The Role of the DBA: Ensuring Business Continuity from a Remote Setting

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Click to learn more about author John Pocknell.

With global organizations shifting to a work from home (WFH) environment due to the current global crisis, many have found themselves putting IT processes in place to ensure business continuity. With thousands of remote employees working across different networks, database administrators (DBAs) particularly have been put on the front lines to help ensure employees have secure access to the information they need, when they need it, in order to remain productive.

With states across the country taking a phased approach to reopening, the in-office environment will look much different for several months to come. Google and Facebook, for example, are allowing employees to WFH through the end of the year, while Twitter announced it would be enabling employees to work remotely on a permanent basis.

Although we haven’t seen a crisis of this proportion before, DBAs have typically played a pivotal role in ensuring business continuity in the event of disasters, from data breaches to power outages, etc. The current situation we are in, however, is the first that’s making companies rethink their business structure and IT processes and focus on how to ensure optimal business productivity with a remote workforce. Here’s what companies can do now to ensure DBAs can successfully support a remote workforce in crisis situations, the challenges to look out for to keep the business running, and what the role of the DBA will look like in the future.

How Remote DBAs Can Be Successful in a Crisis

The big question here is, how do you support a remote DBA who is responsible for ensuring the corporate database infrastructures are high-performing and secure?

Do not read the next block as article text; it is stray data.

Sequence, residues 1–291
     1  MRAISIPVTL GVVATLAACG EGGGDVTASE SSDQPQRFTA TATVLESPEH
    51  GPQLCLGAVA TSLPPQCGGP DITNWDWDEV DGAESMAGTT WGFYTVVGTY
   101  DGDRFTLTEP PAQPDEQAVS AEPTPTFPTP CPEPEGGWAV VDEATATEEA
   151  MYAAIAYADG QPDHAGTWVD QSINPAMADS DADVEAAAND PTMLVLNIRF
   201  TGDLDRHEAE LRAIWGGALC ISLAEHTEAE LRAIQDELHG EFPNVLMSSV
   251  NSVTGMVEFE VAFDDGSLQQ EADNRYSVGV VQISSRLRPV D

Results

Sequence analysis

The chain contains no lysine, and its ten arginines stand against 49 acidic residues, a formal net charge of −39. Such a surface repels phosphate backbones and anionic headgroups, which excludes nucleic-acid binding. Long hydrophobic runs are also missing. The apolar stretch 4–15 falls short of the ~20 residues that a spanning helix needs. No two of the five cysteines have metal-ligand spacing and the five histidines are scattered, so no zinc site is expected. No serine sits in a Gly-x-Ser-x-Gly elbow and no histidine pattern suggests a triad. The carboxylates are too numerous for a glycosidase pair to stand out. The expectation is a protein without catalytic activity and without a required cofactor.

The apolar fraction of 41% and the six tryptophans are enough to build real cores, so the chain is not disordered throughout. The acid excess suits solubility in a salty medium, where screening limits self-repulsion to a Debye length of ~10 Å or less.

Typically, when DBA teams work together within an office, each team member has a specific role and set of responsibilities. When working separately in a remote setting, it becomes a bigger challenge to ensure that the team continues to work as one cohesive unit. Platforms like Zoom and Microsoft Teams can help DBA teams collaborate with ease and give that face-to-face interaction that’s similar to what they have in the office. This should be supplemental to a “daily standup” meeting where DBAs have to discuss each other’s different situations, address any issues, and use it as an opportunity to act proactively rather than reactively.

Organizations should also assess where their applications are hosted and evaluate whether a shift to the cloud is necessary or beneficial. While many organizations these days work across multiple platforms hosted on the cloud, there are still those that rely on desktop applications, which do not provide the freedom and flexibility needed for working remotely in a crisis. Software as a Service (SaaS) applications, for example, provide that flexibility, and their consumption model results in lower costs. However, it is important that whatever DBAs are using remotely gives them the same command and control of all their databases as they had in the office. Be sure your DBAs have what they need to fully do their jobs, no matter where they are.

How to Cope with Crisis Demands in a Remote Setting

Figuring out how to work best in a remote setting is not particularly easy for anyone, especially DBAs. For one, not only are DBAs handling the everyday tasks of their job and trying to manage whatever crisis is at hand, but they also have to ensure that the entire business continues to run and that employees are able to access what they need to do their jobs, whether remote or not.